• 33. food-distribution, and the NGO in the north gives money to this NGO for this food- distribution project 2c). Finally, a company in the north could focus on an agricultural company in the south, which produces the same type of goods in cooperation with a farmer’s cooperation. The NGO in this case could provide capacity building advice to this cooperation involved (3d). The roles of PONGOs should be seen as cumulative, in that a NGO that offers technical expertise in the field of local economic development also performs the role of a donor, broker and technical assistant. A company that enters in business development acts transactional and philanthropically too. It seems that the involvement of NGOs and companies in the partnership increases the more roles they perform. The analytical framework is only indicative and needs to be developed further. Please note that the partnerships mentioned above focus only on business – NGO partnerships. Partnerships with government actors, product-groups or other stakeholders are falling outside the scope of this chapter. However, it looks like they are be coming more important, but his needs to be studied more. The number of participants in partnerships differs too. If it contains of two partners we name this a bilateral partnership. In this case mostly a Northern NGO is financing a Southern NGO or micro-credit institution. Often the financing of a micro-credit institution is the most common example of this kind of partnerships. Partnerships of three actors are called tripartite. In this case there is only one business partner in the south and no business partner in the north or visa versa, in addition to the Northern and Southern NGOs (see the text box on the ICCO – Reef partnership case below). The third form is a quadruple partnership. The partnerships in this sense consist of four parties: a business partner in the North and the South, a Northern NGO and a Southern partner NGO. Most business-NGO partnerships are focusing on the support of micro-credit institutions, which are often supported by Dutch CFOs in cooperation with a Northern bank (Triodos, Rabobank, SNS bank, etc) and a Southern (potential) micro-credit organisation often a “transformed” Southern NGO. However, the number of business development partnerships focusing on business partnerships other than micro-credit institutions is still limited, but is gradually developing. It is premature to say something about the success of partnership projects. Whether a component needs to be financed through a credit or a grant remains subject for discussion. However, grants are often used as start-up subsidy. Reliable figures on the number of collaborations between NGOs/IOs and businesses are not available, however, case studies of Bendell (2000) and Murphy and Bendell (1997) show that the number of partnerships in this respect has increased. 3.4 An initial assessment of partnerships of Dutch CFOs Based on this indicative framework, however, it is possible to give an indication of the types of partnerships pursued by different Dutch CFOs (see 3.4 below). Although information can be found on the business roles (gifs/transactional etc) in these partnerships the data on the inputs of the CFOs (broker/donor etc.) is less available. If the CFO roles are taken all together, it is possible to give an indication of a selective number of existing business-NGO partnerships in The Netherlands and abroad. In order to classify existing business – NGO partnerships, the main CFO’s in the Netherlands and some of the largest NGOs and IOs in the world are listed. The overview gives just an indication and is by no means complete. The different forms of companies’ inputs identified in paragraph 3.1 categorize the partnerships in table 3.2 and 3.3: philanthropical, transactional and integrational. Table 3.4 indicates the sub-roles of the NGOs/CFOs in partnerships where the role of the firm can be seen as business development. In these tables: - 0 stands for zero partnerships - 1 stands for “a few” meaning up to three partnerships - 2 means up to 10 partnerships - 3 means more than 15 partnerships 25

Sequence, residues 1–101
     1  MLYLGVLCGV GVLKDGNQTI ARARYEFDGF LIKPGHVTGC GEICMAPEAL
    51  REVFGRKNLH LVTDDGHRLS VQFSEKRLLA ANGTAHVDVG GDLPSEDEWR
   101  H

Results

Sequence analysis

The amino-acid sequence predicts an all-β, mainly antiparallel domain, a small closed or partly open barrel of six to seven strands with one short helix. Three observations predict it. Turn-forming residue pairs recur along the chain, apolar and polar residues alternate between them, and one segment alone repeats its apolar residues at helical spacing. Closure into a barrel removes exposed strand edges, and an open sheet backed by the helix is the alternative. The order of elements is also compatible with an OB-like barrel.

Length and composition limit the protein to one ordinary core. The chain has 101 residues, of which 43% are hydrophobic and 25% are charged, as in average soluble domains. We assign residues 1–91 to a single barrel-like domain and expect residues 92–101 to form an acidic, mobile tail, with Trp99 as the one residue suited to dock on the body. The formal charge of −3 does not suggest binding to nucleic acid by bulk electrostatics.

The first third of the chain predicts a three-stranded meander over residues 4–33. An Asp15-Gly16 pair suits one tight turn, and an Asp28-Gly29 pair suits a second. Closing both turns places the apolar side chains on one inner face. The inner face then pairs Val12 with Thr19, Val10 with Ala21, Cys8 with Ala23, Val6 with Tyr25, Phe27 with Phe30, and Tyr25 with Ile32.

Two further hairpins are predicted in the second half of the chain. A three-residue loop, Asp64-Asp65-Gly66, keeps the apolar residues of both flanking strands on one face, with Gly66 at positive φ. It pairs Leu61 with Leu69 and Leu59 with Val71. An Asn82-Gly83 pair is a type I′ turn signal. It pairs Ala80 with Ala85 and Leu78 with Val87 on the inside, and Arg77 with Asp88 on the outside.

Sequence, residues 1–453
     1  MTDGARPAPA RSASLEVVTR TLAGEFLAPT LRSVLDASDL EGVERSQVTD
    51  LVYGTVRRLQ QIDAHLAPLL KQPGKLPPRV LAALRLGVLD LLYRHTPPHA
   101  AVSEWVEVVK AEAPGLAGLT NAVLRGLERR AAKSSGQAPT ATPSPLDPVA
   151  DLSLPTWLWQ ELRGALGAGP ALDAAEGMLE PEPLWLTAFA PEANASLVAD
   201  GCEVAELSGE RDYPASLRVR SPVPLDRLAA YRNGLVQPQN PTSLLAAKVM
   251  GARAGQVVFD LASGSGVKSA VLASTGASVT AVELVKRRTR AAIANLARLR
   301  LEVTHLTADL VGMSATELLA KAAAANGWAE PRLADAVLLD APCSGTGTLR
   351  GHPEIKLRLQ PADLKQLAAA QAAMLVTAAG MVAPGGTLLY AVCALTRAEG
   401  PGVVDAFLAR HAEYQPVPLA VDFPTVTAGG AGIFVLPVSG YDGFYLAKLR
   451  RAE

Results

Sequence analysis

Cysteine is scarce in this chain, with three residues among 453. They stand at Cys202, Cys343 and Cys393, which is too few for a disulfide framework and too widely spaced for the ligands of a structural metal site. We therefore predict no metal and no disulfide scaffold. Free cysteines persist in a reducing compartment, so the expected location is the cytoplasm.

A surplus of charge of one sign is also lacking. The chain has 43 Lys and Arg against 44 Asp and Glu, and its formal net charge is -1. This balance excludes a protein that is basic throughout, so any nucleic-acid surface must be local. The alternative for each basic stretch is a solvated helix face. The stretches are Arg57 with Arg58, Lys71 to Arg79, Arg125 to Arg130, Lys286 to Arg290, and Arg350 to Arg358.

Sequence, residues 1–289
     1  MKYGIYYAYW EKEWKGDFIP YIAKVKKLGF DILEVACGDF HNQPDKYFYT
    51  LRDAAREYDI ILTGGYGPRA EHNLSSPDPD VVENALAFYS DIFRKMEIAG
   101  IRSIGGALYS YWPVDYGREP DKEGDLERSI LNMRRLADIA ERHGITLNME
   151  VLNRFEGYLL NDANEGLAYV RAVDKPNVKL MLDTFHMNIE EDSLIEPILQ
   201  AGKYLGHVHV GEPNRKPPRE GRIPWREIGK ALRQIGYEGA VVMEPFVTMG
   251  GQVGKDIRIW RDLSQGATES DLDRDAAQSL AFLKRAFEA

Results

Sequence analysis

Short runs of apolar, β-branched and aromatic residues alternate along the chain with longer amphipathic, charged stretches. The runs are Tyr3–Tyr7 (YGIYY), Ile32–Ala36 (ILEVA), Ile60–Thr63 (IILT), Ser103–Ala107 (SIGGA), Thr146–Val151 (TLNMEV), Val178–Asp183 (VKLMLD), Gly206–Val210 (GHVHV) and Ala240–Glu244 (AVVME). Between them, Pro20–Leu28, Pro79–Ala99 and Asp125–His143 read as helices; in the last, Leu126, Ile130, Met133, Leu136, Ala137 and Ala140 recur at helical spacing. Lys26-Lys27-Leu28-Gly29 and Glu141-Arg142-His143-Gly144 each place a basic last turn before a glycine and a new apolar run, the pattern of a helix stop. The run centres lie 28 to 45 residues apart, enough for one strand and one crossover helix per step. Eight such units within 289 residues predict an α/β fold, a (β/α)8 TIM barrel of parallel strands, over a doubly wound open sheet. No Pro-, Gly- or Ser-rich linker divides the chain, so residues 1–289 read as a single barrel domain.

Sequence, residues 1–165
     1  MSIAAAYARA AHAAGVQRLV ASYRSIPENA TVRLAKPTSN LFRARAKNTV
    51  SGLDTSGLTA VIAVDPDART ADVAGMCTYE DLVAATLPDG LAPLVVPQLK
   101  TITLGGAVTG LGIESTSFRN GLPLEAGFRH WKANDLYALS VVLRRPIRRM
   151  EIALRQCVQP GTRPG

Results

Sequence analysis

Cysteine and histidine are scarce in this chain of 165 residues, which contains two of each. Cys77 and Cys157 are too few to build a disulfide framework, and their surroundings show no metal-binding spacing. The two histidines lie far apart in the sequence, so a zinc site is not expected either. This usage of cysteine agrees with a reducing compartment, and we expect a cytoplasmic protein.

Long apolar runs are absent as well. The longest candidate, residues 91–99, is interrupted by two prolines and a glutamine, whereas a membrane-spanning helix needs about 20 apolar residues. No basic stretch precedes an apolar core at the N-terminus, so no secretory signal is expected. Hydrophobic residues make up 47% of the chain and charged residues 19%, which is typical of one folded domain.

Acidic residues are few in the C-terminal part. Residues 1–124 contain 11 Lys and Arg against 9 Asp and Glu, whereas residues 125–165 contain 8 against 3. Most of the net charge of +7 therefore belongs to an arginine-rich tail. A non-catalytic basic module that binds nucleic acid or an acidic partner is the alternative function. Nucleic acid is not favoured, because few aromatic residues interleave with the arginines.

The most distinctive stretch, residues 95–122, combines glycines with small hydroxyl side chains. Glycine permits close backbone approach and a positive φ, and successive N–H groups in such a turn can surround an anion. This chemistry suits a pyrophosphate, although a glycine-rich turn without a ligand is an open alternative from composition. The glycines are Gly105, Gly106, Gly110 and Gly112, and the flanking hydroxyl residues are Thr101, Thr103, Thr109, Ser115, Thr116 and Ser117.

• 34. *1 Table 3.2: Form of Partnerships of Dutch CFOs on a scale of 0-3 Cordaid Hivos Icco Novib Plan Terre des Hommes Philanthropy (gifts) 3 3 3 3 3 3 Philanthropy (Sponsor 2 1 1 2 3 2 (business related) Transactional 1 0 1 1 2 1 Business Development 2 1 2 2 1 0 *2 Table 3.3: Form of Partnerships of International organizations and NGOs on a scale of 0-3 Oxfam Care WFP Unicef Philanthropy (gifts & 3 3 3 3 sponsoring) Transactional 1 2 1 2 Business Development 1 2 0 0 *3 Table 3.4: Dutch CFO functions in partnerships on a scale of 0-3 Cordaid Hivos Icco Novib Plan TdH Broker 2 2 2 2 1 0 Donor 2 2 2 2 0 0 Technical 2 2 2 1 0 0 Assistant (capacity building) Technical Expert 2 2 2 1 0 0 If we observe the Dutch CFO sector in relation to the various forms of company roles in a partnership (table 3.2), it can be observed that “gifts” are a kind of one-way partnership which form is common amongst all CFOs. Partnerships in the form of sponsorship from companies is already less common. The reason of this might be that Dutch CFOs were always reluctant to become too much involved with the corporate sector, as corporations were long time seen as ordinary money makers. However, in the Anglo-Saxon world (see table 3.3.) sponsorship is much more accepted as a legitimate form of partnership. But, sponsorship as such is also gaining ground in the Netherlands, although potential partnership companies are scrutinized carefully by the NGOs, as they should adhere to the various CSR standards in the world (for example according to the Cordaid business partnership policy). Transactional partnerships focus on capacity building within the NGO. For example, an accountancy firm provides free of charge accounting services to an NGO. Again, foreign NGOs and IOs have more partnership engagement at this stage than the Dutch CFOs as this probably again reflects the Dutch CFO reluctances to be seen too close with corporations. A typical example in this case is TPG who wanted initially to work with MSF, but after a denial from Medecine Sans Frontieres, they work now fruitfully together with WFP. Interesting enough it is at the level of business development partnerships that the Dutch CFO’s are taking the lead in the world debate and are initiating most of the pilot projects in *1 The data in this table is based on Internet desk-research and a selective number of interviews. The data is not complete and provides a first direction on the number and kind of partnerships. *2 Idem as footnote 1. *3 Idem as footnote 1. 26